If you are interested in blogging or want to promote your book, please contact E. B. Davis at writerswhokill@gmail.com.


Here are our August WWK interviews:

August 1 Rhys Bowen, Four Funerals and Maybe A Wedding

August 8 Liz Milliron, Root Of All Evil

August 15 Kellye Garrett, Hollywood Ending

August 22 Joyce Tremel, A Brewing Trouble Mystery Series

August 29 Dianne Freeman, A Ladies Guide to Etiquette and Murder


Our August Saturday Guest Blogger Schedule: 8/4--Kelly Oliver, 8/11--Lisa Ciarfella, 8/18--Margaret S. Hamilton, 8/25--Kait Carson.


Congratulations to our writers for the following publications:

Annette Dashofy's Uneasy Prey was released in March. It is the sixth Zoe Chambers Mystery. The seventh, Cry Wolf, will be released on September 18th. Look for E. B. Davis's interview with Annette on September 19th.

Carla Damron's quirky short story, "Subplot", was published in the Spring edition of The Offbeat Literary Journal. You can find it here: http://offbeat.msu.edu/volume-18-spring-2018/


Tina Whittle's sixth Tai Randolph mystery, Necessary Ends, debuts on April 3, 2018. Look for it here. Tina was nominated for a Derringer Award for her novelette, "Trouble Like A Freight Train Coming." We're all crossing our fingers for her.

James M. Jackson's Empty Promises, the next in the Seamus McCree mystery series (5th), was published on April 3, 2018. Purchase links are here. He's working on Seamus McCree #6 (False Bottom)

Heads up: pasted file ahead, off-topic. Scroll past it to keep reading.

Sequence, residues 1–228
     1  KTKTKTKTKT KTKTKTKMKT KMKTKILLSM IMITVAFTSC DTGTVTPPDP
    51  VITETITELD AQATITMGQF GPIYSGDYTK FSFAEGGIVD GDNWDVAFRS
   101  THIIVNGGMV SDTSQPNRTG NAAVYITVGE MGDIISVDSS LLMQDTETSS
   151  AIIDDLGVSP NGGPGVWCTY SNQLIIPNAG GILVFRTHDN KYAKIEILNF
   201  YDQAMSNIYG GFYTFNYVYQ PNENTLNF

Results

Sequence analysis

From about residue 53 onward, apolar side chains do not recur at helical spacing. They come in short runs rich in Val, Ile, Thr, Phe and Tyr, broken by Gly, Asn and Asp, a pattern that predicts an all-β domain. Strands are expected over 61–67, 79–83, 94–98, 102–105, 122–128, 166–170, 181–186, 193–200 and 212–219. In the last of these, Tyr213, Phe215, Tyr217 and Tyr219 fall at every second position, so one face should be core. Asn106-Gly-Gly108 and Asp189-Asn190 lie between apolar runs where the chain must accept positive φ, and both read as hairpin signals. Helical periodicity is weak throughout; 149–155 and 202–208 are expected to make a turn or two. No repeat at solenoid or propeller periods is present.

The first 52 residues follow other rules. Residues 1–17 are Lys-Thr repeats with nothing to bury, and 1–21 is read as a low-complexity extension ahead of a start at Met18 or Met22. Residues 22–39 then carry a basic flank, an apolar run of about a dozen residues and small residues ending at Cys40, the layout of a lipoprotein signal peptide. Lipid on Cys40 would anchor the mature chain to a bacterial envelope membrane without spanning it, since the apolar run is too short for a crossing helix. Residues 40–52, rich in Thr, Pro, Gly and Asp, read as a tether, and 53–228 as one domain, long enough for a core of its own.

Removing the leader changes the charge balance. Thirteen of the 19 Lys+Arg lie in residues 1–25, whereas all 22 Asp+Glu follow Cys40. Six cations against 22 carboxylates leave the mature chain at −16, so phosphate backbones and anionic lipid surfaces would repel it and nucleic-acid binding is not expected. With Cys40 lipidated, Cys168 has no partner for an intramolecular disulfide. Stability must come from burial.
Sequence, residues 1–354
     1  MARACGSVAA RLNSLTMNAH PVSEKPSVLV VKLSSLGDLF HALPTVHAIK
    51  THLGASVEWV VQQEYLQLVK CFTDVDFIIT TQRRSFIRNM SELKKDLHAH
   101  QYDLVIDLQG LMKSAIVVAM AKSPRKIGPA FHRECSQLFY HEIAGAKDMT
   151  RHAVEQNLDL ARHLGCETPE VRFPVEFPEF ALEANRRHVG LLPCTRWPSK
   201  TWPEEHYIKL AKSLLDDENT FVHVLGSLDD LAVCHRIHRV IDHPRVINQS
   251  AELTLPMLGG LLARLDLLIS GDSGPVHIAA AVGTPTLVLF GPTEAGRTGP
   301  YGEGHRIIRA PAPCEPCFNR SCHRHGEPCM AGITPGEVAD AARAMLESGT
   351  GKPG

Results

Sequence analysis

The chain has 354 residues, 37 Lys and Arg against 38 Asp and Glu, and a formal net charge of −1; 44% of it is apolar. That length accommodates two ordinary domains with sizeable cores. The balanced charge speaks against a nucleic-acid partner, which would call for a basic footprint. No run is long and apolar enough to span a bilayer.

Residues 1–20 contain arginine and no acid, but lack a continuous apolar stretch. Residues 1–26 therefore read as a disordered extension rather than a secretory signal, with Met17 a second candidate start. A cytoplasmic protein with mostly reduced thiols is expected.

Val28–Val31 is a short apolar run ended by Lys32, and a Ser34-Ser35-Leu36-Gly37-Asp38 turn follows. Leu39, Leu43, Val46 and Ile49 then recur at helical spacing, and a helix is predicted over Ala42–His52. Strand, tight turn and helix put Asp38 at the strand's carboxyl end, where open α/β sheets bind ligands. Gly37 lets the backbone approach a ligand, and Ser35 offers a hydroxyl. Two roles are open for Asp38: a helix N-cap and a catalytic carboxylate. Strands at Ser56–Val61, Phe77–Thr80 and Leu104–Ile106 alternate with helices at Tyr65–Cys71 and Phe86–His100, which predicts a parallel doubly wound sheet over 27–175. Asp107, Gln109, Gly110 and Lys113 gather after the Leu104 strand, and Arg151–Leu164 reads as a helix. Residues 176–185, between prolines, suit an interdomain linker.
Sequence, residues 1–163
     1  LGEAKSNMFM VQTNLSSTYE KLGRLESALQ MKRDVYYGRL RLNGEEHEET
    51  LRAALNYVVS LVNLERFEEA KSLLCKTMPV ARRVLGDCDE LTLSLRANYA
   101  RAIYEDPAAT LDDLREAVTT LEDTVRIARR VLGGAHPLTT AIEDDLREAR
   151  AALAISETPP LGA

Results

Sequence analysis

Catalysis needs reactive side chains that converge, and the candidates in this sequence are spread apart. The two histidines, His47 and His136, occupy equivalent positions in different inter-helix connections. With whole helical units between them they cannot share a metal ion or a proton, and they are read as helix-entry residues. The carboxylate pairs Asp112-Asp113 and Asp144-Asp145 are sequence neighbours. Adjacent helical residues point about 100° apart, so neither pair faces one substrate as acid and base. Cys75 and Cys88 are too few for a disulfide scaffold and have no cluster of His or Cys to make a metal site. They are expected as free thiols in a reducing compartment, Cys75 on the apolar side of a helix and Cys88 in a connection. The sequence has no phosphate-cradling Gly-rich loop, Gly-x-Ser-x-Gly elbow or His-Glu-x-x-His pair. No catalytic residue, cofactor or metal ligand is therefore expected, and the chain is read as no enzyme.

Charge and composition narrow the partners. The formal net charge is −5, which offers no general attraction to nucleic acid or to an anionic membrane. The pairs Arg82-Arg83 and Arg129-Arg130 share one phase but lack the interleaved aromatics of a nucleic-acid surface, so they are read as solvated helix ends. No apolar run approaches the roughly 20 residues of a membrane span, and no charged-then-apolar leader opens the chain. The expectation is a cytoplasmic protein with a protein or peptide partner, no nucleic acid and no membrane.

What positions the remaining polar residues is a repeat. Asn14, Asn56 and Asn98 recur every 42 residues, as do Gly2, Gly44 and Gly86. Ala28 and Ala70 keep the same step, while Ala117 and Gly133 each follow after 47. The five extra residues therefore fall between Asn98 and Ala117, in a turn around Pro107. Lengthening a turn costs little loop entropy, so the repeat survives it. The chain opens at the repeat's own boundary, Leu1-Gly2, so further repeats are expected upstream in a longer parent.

Dark Sister, a poetry collection, is Linda Rodriguez's tenth published book. It's available for sale here:


Shari Randall's "Pets" will be included in Chesapeake Crimes: Fur, Feathers, and Felonies anthology, which will be published in 2018. In the same anthology "Rasputin," KM Rockwood's short story, will also be published. Her short story "Goldie" will be published in the Busted anthology, which will be released by Level Best Books on April 25th.


Shari Randall's second Lobster Shack Mystery, Against the Claw, will be available in July 31, 2018.

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Saturday, March 24, 2018

What television taught me about writing, by Kait Carson



There’s a benefit to coming late to popular television shows. If they are available on streaming networks, you can watch them at your own pace, or all in a sitting. I admit, I came late to the Downton Abbey craze. About two years late. But hey, at least I arrived.

When I finally arrived at the Abbey door, I expected good television. PBS is famous for period pieces. Downton Abbey is no exception. Once past the famous dog’s bum opening, I was pulled right into pre-WWI Yorkshire. Yum. The opulence of the setting was offset and made human by the behavior of characters. I don’t think there was any poorly acted part in the entire series. Well, maybe Shirley MacLaine’s Mrs. Levinson was a bit over the top, but then, she was American so we forgave her. In fact, even with a degree in history, she was the only stereotype I spotted.